YKIGS: You’ve been a victim of having a lot of your songs leaked. As a new artist, do you think that kind of gives you exposure in a way? And also talk to us about it from the perspective of Atozzio the songwriter.
Atozzio: Recently, I’ve had like five new records leak in a week. One is a song called “It Feels Like” featuring Yung Joc, second is “Uh Uh” which was originally intended to make this album but it’s going to make “The Imprint 2” and a couple of other songs. People are gravitating to these records and the Yung Joc one is a pop track. I originally wrote it for Estelle and it’s has a fun theme. It reminds you of “American Boy” just a little bit. Whenever someone talks about me, I’m going to see it with the way I have my Twitter set up. People are talking about this record, they love it and tweet it. I’m going to different blogs and they’re talking about the record and how dope it is. Even with the deals that came about, it’s because of the leaked records. We hate it because sometimes, certain artists feel like “Oh man, the world has heard this songwriter’s version so I don’t want to do that record.” Me as an artist and when other writers write for me and their version leaks, it doesn’t really matter. For me an artist, going back to the R&B statement, I’m going to sing the crap out of it like it’s no tomorrow so it doesn’t bother me. It helps the record because if I’m an artist, if a song leaks and it starts blowing up, as a business man and an artist, I’m going to be like “I want that record. I don’t care who is singing it. I want it because the world is gravitating to it. All it needs is a bigger platform. If I’m that platform and I got millions of fans, I’m going to do it because I’ll make the record bigger.” I think it helps. It hurts from the perspective as a songwriter because once again, some artists might not want to take it. They might say “Oh that song has leaked. I don’t want it anymore. People have heard it. When I do my album, I want it to be exclusive so when they hear it, they hear songs they’ve never heard.” So when songs leaked, people can feel like “I’ve already heard that.” But once again, not necessarily because they may have heard Atozzio’s version, but they haven’t heard Chris Brown’s version. They want to see what Chris Brown’s version sounds like and Chris Brown has a lot more fans than Atozzio does. So why not do the record? If they’re already loving the record, they can continue to make it that much bigger if it’s their record. I think leaking is one of those conversations where you have to agree to disagree with some people because some people may say “I don’t like it” and some may love it. I wish some of these records had not leaked because for my second album, I can’t necessarily put them on it because they’re coming from me and I’m an artist now. So yeah, it’s like I hate it. If it’s a demo of a song that somebody has and they’re not trying to be a hit songwriter or artist, it’s not a big issue because it’s going to put you out there and if me as an artist, when I get around to hearing the record and it’s big, I’m going to take it. If you’re a songwriter who is trying to be an artist like myself, it’s only going to make you a bigger artist because more people are going to be more in tuned with your stuff and they’re going to want to hear more from you. This is all in retrospect to how I got my opportunity to even have an album released in Japan. It’s because of leaked records. Whatever is meant for me is going to be for me. I don’t hate it, I don’t love it. As long as the world loves them and I keep getting good comments, then keep leaking them. But when they start saying “This is Trash,” then maybe I’ll have a problem.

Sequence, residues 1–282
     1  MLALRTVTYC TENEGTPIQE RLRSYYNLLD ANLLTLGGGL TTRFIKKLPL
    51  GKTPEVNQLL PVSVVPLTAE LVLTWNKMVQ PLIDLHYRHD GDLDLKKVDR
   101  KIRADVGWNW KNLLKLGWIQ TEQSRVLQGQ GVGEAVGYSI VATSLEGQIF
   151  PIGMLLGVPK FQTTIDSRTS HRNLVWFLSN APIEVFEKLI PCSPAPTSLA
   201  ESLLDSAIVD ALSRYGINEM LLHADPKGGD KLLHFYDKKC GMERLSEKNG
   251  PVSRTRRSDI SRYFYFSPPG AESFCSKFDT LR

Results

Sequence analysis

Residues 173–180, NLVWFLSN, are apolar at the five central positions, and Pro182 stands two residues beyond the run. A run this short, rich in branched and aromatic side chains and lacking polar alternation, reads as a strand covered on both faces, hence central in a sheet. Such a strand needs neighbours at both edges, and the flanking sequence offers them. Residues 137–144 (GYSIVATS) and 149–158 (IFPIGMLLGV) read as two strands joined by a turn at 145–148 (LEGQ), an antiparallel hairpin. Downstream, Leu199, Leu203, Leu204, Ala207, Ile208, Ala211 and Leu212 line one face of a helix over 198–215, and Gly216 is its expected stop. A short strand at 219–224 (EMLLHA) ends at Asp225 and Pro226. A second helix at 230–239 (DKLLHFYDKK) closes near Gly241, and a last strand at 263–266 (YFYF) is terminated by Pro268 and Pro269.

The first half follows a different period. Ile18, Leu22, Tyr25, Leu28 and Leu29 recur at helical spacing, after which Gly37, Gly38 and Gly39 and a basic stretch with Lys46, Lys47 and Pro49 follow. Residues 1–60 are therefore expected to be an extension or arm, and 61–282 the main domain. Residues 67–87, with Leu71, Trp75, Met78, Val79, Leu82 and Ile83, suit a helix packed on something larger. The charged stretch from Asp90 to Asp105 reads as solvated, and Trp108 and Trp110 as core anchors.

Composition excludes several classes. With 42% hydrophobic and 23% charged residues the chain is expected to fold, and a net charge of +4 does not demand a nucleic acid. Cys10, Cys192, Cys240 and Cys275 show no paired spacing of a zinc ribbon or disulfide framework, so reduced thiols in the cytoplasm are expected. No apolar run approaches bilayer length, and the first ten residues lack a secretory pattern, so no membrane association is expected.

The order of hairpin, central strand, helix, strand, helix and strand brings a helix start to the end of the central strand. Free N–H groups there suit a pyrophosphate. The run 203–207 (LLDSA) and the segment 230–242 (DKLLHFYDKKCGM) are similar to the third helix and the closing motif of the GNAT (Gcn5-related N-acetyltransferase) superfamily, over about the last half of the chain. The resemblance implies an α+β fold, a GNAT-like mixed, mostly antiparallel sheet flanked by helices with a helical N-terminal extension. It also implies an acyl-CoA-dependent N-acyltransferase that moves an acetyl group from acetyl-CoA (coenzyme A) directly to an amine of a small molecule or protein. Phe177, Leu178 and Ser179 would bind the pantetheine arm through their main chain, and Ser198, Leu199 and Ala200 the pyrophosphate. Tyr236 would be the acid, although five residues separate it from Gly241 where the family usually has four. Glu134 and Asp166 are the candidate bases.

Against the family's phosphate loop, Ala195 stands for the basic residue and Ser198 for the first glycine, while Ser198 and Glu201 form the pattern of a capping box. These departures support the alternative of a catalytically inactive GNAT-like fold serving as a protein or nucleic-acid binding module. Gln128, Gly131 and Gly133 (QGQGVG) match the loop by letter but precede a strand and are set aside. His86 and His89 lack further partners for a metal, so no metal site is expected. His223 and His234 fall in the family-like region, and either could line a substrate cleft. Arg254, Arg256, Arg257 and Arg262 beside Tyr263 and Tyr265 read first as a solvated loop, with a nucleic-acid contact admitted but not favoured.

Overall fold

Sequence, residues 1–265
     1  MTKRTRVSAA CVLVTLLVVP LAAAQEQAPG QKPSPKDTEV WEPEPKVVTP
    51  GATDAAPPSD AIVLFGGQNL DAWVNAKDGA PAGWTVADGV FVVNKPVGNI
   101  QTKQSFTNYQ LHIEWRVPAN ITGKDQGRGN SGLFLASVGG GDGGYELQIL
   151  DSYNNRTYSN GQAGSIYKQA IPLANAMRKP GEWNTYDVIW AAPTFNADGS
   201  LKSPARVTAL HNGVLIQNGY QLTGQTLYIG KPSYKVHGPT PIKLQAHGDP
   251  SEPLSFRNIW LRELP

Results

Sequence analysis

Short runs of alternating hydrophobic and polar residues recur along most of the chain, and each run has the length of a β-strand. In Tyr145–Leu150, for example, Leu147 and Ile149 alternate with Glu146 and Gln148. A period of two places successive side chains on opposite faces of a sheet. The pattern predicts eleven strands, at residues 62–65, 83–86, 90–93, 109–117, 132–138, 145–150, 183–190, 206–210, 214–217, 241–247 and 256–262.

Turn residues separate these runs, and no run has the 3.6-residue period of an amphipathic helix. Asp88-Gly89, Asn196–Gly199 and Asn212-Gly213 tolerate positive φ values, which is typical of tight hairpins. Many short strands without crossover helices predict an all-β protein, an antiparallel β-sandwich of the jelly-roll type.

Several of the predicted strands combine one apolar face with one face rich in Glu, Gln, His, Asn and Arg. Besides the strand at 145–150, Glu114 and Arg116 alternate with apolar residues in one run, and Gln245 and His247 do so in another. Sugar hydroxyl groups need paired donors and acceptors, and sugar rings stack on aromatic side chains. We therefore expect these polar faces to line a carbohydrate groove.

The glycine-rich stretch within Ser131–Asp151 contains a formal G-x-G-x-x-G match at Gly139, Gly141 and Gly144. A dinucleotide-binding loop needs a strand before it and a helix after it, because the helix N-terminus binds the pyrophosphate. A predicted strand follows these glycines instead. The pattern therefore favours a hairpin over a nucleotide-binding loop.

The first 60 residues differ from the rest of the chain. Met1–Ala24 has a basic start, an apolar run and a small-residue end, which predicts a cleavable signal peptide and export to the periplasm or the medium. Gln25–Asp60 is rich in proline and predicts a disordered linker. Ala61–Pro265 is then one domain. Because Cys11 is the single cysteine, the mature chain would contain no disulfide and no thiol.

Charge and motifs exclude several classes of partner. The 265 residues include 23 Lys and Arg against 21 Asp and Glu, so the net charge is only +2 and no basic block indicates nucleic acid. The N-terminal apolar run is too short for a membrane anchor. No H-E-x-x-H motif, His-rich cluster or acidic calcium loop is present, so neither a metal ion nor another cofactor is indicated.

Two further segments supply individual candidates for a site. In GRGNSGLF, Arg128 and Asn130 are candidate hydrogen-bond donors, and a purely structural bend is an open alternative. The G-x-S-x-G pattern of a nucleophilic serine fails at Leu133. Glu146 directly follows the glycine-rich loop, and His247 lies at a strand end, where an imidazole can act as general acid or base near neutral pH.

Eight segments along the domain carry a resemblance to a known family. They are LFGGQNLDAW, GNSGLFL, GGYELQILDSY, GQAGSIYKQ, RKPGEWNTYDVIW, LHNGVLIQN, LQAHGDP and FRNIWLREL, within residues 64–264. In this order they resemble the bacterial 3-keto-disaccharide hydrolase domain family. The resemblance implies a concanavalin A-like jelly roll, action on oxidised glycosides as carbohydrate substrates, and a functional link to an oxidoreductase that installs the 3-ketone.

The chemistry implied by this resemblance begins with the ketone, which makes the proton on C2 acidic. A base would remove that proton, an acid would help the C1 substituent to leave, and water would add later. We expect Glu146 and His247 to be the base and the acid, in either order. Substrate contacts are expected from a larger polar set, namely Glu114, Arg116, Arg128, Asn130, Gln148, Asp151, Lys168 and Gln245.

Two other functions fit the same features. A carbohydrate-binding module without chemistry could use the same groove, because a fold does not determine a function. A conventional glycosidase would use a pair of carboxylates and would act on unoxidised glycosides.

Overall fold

YKIGS: Anything you’d like to add?
Atozzio: I want to thank and shout out Japan for all their love and support. I’ve had the number two album in the country for the last three and a half of weeks. That’s such a blessing. I don’t look at the U.S., U.K. or whatever, they’re all the same to me. I have to shout out my team PS Media Talent for being so gracious to do what they’ve already done. Thank you to you guys for everything that you guys are doing. The last thing I want to say is to everyone who reads or listens to this interview: Never ever get detoured by anything that may seem that it’s out of reach or unattainable. Anything is attainable. Everything is going to eventually work itself out. Believe in yourself, you are your own worst critic. Believe in yourself because nobody can do what you do because there’s only one you. Everything has a time so just keep working on it whether you’re an artist, songwriter, producer, blogger, writer. Just believe in it and you’ll eventually get your shine.